In December of 2007, I sat in the conference room of the Mortgage Bankers Association’s office in Washington, DC. I knew nothing about the mortgage industry, or the impending housing crisis, and I didn’t care. I was taking my first shot as a communications consultant and I just wanted a job.
Professionally, I had hit a wall. After five years at a publicly traded company, which merged with a larger company, I had bounced around from one bad job to another for about 18 months.
For the past year, I had been the director of marketing for a company in the tenant in common industry, a sector of the real estate market that had experienced hyper growth for three years before coming to a spectacular crash. Unfortunately, I came in during the crash.
Lucky me, huh?
And it wasn’t so much the crash, which came very swiftly, as it was the lies and deceit – within my own company. I’ll never forget the CEO looking me in the eyes, in August of 2007, turning on that salesman charm and saying, “Brad, I consider you to be one of the top three guys in this company.”
I genuinely believed him until I got a call one day from our PR firm, asking me why they had received an email from someone named Lisa claiming to be the company’s director of marketing. I called the CEO and he said he knew nothing about that. He said he was going to call the PR firm personally and get to the bottom of it.
That was September of 2007.
In October of 2007, I was introduced to Lisa, who was taking over for me. Apparently, the Baltimore office was being closed, so the Baltimore partner and I were out. It looked like the CEO had finally gotten to the “bottom of it.”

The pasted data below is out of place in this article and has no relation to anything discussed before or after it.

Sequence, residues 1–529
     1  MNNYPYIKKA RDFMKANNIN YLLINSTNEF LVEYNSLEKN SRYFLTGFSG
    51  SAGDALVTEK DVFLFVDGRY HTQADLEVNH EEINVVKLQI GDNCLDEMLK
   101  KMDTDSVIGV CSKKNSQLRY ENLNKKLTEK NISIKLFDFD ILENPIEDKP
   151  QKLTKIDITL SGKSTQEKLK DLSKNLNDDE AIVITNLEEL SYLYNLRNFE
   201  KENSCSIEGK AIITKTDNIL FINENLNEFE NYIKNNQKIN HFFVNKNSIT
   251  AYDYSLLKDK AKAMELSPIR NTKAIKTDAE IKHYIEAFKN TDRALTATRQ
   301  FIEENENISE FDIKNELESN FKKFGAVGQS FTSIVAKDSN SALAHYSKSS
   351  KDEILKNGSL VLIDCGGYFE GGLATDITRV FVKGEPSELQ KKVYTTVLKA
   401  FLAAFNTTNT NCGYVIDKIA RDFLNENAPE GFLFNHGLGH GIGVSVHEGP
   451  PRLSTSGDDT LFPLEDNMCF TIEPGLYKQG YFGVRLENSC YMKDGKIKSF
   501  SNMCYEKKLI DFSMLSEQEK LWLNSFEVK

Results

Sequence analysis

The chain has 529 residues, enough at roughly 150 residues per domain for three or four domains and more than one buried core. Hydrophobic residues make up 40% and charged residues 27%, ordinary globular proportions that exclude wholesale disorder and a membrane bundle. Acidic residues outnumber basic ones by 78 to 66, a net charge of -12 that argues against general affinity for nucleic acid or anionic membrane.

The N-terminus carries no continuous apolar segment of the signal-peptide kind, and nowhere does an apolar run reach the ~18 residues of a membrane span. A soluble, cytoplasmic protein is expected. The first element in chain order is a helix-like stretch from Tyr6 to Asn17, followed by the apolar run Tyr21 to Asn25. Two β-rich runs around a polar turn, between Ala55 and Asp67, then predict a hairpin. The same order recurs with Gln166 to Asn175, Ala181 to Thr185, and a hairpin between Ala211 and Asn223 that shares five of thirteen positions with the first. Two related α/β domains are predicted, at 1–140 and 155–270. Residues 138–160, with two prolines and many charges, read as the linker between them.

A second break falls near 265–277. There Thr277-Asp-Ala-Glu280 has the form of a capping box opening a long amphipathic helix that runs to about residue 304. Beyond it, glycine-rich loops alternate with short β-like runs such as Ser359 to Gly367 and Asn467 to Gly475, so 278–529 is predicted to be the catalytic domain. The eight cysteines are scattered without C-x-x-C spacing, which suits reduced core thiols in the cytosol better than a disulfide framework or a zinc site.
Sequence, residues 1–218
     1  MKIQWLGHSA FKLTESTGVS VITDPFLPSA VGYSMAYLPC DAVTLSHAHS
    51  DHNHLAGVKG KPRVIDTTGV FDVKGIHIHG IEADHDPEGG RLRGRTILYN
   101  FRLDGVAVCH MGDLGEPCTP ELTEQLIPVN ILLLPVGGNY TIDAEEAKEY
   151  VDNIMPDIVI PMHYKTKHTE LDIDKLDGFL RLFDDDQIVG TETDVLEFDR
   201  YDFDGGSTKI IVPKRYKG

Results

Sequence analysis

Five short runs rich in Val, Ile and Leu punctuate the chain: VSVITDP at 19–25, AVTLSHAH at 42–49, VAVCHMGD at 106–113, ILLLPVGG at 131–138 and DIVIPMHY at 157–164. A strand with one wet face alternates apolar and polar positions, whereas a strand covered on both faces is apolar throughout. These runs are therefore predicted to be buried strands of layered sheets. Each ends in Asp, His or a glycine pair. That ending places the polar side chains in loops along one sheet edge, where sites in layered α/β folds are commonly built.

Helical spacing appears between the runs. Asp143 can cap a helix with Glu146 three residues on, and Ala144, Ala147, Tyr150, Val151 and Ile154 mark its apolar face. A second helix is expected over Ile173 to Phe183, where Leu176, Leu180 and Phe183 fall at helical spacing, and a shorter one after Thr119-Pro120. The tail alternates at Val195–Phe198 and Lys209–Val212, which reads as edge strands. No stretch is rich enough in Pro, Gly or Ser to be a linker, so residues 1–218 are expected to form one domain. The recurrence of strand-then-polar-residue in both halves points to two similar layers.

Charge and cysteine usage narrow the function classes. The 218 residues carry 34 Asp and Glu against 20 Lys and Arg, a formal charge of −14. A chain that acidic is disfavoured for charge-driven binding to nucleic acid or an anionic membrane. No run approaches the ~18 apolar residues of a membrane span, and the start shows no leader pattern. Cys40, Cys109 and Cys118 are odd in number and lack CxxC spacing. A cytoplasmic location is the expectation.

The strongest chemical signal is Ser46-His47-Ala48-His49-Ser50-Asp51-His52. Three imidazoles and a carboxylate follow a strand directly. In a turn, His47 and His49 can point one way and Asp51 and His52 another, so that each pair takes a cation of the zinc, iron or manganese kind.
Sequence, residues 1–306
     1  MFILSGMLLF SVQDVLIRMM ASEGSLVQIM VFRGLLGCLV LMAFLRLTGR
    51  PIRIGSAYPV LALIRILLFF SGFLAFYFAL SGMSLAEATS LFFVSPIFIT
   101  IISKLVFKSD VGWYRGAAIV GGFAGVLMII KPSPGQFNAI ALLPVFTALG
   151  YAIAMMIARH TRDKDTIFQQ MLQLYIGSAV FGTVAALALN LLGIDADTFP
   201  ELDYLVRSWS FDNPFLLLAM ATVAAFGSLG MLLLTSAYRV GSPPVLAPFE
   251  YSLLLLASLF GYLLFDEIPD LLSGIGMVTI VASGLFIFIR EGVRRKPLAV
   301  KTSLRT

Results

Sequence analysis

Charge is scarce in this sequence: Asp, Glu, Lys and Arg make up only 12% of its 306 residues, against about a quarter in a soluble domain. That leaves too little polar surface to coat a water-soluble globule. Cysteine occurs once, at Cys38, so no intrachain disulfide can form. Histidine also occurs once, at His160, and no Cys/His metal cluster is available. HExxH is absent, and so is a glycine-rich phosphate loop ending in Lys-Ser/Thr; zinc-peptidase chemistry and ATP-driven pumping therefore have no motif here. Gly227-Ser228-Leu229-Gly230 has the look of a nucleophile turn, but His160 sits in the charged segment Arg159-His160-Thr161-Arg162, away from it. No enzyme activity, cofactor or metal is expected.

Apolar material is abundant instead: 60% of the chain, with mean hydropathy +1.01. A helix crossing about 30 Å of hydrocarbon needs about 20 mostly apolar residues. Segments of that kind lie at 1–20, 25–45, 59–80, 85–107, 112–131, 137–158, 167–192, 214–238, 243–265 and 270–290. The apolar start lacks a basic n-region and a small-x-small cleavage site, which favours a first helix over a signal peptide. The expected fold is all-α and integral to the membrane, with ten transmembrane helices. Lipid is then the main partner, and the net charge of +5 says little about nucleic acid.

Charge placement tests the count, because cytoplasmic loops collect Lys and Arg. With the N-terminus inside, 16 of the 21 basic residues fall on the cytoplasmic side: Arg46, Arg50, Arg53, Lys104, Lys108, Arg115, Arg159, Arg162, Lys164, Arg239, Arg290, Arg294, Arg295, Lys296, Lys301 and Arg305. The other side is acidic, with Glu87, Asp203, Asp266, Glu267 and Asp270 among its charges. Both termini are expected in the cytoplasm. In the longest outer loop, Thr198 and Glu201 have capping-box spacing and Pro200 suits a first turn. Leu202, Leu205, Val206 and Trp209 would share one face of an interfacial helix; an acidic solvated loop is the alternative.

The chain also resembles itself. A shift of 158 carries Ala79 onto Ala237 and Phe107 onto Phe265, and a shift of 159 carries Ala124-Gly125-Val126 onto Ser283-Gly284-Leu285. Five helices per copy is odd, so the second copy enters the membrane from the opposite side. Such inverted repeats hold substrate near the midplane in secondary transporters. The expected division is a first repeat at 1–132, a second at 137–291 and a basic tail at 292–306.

I guess I wasn’t one of the top three guys in the company any more.
So there I was, in that conference room, at 1919 Pennsylvania Avenue Northwest, determined to resurrect my career.
It was blind luck that I was even there in the first place. My old neighbor worked in their government affairs shop and answered my mass email about communications consulting. It was all about timing and the fact that The Mortgage Bankers Association had a nice chunk of funding for a public relations project called “Telling the Complete Story”.
The industry was gearing up for what would become the housing crisis.
I was in the right place at the right time with the right former neighbor.
The senior vice president of marketing came into the conference room. She was my third interviewer of the morning. She asked me one question, “On a scale of one to ten, how good of a writer are you?”
Without missing a beat, I looked her in the eyes (much like my former boss had four months prior) and said, “Ten.”
She left the room for five minutes, came back, and said, “We’ll see you on Monday at 10am.”
Unbeknownst to me, my journey to the forefront of one of the most volatile financial periods in our nation’s history was about to begin.